“Please reconsider, my Lord. Tell me what I did wrong! I shall correct it this instant.”

“You are incapable of correction, Freya. Collect tonight’s favor from Madame. That will be all.” The Marquis de Vienne freed himself from the deathly vice of Freya’s touch, long mechanical strides carrying him away from the Pavilion. His exit was the spark that stoked the rumourous fires across the grounds. Even the girls in search of patrons looked at her in disgust. 

She must not be that good.
How fitting for one so prideful!
Serves her right. 

Freya couldn’t bear the humiliation. She stormed into the palace, running as fast as her feet could carry her across the marble floor. Her heart pounded painfully in her chest, and the weight of her current reality came crashing down on her like a mighty boulder. She had been cast aside. Now she is without patronage, just like all the other girls. But there’s Cedric. He won’t cast her away. He loves her, he said so!

She reached Madame DuPont’s study and banged on the cedar doors. She had to do something. Seraphina DuPont opened the doors ever so slowly, permitting entrance to a winded Freya. She offered her some tea and the Marquis’ final favor, holding the poor girl as she sobbed. “At least I have my Leonhart, Madame! Cedric would never abandon me.” Freya spoke fondly of the man she loved, the Duke of Valdorin, Cedric Leonhart. Many a night was spent under her thick quilt, with lips that worshiped and whispered promises of love. Madame handed Freya a letter that smelt like Cedric’s fresh sandalwood parfum, written in his flourishing letters.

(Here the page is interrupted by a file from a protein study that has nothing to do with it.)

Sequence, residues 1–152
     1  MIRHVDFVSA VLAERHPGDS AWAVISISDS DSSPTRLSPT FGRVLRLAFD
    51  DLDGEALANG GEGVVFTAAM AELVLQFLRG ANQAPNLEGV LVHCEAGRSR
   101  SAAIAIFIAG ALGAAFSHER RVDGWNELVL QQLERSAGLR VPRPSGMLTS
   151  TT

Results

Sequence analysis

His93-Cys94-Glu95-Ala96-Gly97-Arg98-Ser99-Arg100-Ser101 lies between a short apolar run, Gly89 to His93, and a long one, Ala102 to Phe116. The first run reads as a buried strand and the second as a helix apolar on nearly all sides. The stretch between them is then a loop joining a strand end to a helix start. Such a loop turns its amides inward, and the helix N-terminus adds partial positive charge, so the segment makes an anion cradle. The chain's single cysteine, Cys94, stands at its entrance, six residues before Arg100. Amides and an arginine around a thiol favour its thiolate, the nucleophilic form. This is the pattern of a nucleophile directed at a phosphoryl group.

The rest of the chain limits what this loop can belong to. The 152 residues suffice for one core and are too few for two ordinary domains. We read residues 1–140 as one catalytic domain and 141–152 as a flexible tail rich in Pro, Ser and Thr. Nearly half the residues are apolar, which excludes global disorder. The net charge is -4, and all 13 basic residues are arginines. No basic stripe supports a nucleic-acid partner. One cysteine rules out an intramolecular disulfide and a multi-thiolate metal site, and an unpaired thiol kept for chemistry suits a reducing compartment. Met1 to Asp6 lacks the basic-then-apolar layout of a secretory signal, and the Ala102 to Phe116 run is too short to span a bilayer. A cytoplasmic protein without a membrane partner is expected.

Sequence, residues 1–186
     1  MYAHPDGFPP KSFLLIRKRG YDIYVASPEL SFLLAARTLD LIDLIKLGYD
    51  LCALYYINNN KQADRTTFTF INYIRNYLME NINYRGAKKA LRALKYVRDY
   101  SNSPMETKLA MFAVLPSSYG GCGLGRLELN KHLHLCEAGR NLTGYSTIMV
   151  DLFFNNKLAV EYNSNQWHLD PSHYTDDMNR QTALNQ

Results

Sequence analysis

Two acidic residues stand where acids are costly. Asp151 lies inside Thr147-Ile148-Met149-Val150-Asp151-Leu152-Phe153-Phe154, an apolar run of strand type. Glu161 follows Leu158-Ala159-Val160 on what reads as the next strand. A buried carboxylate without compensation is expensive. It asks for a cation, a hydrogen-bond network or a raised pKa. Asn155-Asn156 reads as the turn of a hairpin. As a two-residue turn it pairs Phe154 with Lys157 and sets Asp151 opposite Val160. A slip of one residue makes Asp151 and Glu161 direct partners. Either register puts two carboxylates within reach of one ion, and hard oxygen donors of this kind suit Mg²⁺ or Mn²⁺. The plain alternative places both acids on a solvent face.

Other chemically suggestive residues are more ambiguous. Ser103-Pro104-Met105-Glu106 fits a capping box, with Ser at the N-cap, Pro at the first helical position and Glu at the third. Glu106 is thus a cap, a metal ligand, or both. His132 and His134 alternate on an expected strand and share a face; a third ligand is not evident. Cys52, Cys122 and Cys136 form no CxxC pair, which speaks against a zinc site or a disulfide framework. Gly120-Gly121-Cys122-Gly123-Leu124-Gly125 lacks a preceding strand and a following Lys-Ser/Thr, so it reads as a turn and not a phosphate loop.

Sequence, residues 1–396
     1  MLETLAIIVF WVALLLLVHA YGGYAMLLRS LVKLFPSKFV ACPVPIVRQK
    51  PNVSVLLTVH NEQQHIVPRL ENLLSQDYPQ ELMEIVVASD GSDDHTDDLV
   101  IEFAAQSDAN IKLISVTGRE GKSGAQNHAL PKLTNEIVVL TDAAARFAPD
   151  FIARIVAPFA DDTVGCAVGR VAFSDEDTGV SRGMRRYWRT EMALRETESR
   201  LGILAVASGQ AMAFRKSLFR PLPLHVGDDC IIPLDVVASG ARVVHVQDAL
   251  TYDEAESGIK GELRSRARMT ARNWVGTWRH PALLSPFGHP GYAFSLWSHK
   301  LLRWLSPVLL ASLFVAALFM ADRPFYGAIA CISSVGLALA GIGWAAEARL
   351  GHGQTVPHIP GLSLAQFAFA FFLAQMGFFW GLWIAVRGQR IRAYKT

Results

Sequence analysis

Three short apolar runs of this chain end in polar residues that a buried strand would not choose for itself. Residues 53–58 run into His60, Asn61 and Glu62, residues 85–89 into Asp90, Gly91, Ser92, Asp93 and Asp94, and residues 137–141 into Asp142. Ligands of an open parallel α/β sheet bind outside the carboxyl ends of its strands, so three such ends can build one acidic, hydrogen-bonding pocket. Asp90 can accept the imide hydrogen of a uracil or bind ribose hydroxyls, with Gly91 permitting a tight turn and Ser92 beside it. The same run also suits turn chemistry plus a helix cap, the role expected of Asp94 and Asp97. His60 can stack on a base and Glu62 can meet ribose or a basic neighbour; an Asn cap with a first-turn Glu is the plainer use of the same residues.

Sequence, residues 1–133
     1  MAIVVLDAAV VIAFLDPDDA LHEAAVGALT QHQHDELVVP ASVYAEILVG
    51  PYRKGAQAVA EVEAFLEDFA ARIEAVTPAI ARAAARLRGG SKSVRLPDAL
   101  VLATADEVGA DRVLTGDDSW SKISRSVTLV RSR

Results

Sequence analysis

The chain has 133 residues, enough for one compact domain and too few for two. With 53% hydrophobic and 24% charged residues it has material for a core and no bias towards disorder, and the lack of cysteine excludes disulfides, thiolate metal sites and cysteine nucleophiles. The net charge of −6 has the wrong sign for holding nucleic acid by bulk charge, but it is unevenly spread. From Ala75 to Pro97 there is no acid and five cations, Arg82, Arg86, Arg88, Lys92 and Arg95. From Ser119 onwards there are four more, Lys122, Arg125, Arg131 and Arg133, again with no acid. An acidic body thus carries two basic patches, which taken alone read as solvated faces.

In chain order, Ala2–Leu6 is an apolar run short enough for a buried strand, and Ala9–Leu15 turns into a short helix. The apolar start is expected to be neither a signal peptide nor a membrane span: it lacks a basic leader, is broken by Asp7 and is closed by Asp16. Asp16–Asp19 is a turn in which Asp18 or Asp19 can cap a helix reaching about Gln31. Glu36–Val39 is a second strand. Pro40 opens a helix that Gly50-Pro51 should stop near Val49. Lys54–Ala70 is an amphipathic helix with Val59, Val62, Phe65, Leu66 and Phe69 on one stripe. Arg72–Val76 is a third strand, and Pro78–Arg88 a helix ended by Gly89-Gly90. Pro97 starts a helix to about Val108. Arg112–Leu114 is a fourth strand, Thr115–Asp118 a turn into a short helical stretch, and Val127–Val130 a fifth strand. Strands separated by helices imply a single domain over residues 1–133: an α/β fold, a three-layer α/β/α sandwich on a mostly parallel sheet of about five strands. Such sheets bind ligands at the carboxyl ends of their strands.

Beloved Freya,
Forgive me for not meeting you today. I regret to inform you that I can no longer visit Sanguine Boulevard or you, sweet girl. I am betrothed to another, Adelaide is her name. She speaks of the smallest of things with such deference that I found myself wanting more.

I stayed with you to keep you warm all those nights ago for I know how you struggle against the cold. But it pained me to be by your side when my heart belonged to another. I have finally asked Adelaide for her hand in marriage and she was ecstatic to have me. If it weren’t for you, my Freya, I would’ve never learned to appreciate love and all it was worth.

I write this letter to beg your forgiveness for ending our arrangement so harshly and pray you may wish me a happier life from here on out. Live long, dear girl. 

All my love and regret
The Duke of Valdorin
Cedric Leonhart

Freya tore the letter to shreds and threw them into the fireplace. Madame wiped her angry tears and asked her to move to the shared dorms where the regular artistes resided. Freya abided, with not a peep nor snide remark, she’d resigned herself to her fate.

 There’s no such thing as love.

She’d abandoned all hopes of ever escaping the great halls of this glorified birdcage. Freya moved to the dorms and endured the animalistic taunts of the peers she’d looked down on all these years, hanging her head in silent apology. Still shell-shocked by Cedric’s betrayal, she slept cold and fitful that night.  What a horrible day.

The next night, even before Sanguine’s esteemed guests squeezed through its large gates, Freya was on the grounds. She danced like a wild thing, her licorice-black hair flowing in the wind, her bangles clinking to the beat of the drums as she twirled on dainty feet. When she parted her lips to sing her sweet song, one could not help but wince at the sharp agony of her words, like a peacock plucked of all its bright feathers. She was a prideful peacock no more, rather a wounded crow, and her song a mournful lament that went on and on into the long night.